Trillia Newbell is the author of several books, and her writings on issues of faith, family, and diversity have been published in the Knoxville News-Sentinel, Desiring God, True Woman, Christianity Today, and The Gospel Coalition. She's also a commentator for World Radio and has spoken at numerous conferences, churches, women's retreats, colleges, and seminaries. She's currently the director of community outreach for the Ethics and Religious Liberty Commission for the Southern Baptist Convention.
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Or check out her work at trillianewbell.com.
Sacred Endurance by Trillia Newbell
The Freedom of Self-Forgetfulness by Tim Keller
The Divine Conspiracy by Dallas Willard
Narrative of the Life of Frederick Douglass by Frederick Douglass
Future Grace by John Piper
Chapter 1 - Why Is It Hard to Endure?
It's hard to imagine what endurance really feels like unless you've been through some struggle. In the Christian life, that struggle can come from your own sin, your own situation in life, or it can be the result of something done to you by someone else. One thing Jesus did promise us though was that we would have troubles, that the life of being his disciple would also be a life familiar with struggle. But at times we underestimate what it really means to endure those struggles. C. S. Lewis wrote, "Only those who try to resist temptation know how strong it is... You find out the strength of a wind by trying to walk against it, not by lying down. A man who gives in to temptation after five minutes simply does not know what it would have been like an hour later." While some of our struggles in a lifestyle of discipleship may come from sin, this principle still applies to the other struggles as well when it comes to endurance.
Chapter 2 - It Matters Why You Want to Endure
Have you ever thought about walking away from Christ? Why have you continued to follow him? What motivated you to endure in this race we call the Christian life? We may not always be aware of them, but motives play a crucial role in every decision we make. Outwardly, we may be serving God faithfully, but inwardly we are seeking praise and admiration from others in the church. The worst thing about this is that we can slip into it accidentally. We begin serving with proper motives, but the pressures of life and the allures of success can slowly taint our motives. When this happens, our ability to endure is diminished, and our actual effectiveness suffers. In this chapter Trillia helps us understand why our motives matter as we run this race with endurance in the everyday moments of life.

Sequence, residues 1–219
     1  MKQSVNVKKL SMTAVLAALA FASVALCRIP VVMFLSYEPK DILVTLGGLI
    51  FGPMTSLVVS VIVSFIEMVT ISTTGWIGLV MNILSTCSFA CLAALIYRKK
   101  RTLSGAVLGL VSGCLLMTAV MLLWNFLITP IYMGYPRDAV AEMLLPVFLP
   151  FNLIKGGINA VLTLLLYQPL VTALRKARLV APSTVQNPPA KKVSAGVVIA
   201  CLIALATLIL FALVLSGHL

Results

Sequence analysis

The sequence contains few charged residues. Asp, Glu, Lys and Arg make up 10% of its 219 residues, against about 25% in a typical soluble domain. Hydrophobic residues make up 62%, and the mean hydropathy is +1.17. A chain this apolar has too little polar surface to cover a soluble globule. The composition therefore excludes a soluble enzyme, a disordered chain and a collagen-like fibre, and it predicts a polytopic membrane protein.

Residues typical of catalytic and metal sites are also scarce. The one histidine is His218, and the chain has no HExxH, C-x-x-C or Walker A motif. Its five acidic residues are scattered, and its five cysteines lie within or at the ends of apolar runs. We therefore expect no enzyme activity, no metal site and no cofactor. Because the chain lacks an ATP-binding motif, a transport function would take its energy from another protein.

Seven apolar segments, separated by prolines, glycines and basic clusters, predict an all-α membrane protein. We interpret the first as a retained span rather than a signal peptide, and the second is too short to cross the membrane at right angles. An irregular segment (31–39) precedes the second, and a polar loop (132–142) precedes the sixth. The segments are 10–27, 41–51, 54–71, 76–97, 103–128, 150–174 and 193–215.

Chapter 3 - Building Endurance Through Habits and Routines
Hebrews 12:1 says, "Therefore, since we are surrounded by so great a cloud of witnesses, let us also lay aside every weight, and sin which clings so closely, and let us run with endurance the race that is set before us." When you practice a lifestyle of discipleship, at some point you will fail. In chapter 1 of this conversation, Trillia told a story about running a 400 meter relay and almost losing complete control of her legs. In those moments when enduring becomes seemingly impossible, the habits, routines, and community around you will help you get through the race. The habits you build now define your response when struggles come up either good or bad. And the people you surround yourself with will be the ones who either support you or abandon you. In this chapter, Trillia unpacks a few of the habits and routines she's practiced in learning to endure as well as the value of being part of a healthy community of believers.
Chapter 4 - Lessons on Endurance, Evangelism, and Discipleship
In this chapter, we had the opportunity to ask Trillia some of our favorite questions about writing, how she approaches discipleship, and some of her favorite books. What we love about Trillia is that you can really tell her life's passion is all about discipleship and helping others run this race with endurance to the end.
Chapter 5 - Enduring After a Long Week of Work
Endurance isn't always fun. Cruising through life sounds so much better. But in reality, we find our lives come with seasons and rhythms. Sometimes we rest and sometimes we endure. It's important to take time when we can to rest. And those times we don't feel like we need to endure are just as much a part of training for endurance as any other part of a lifestyle of discipleship.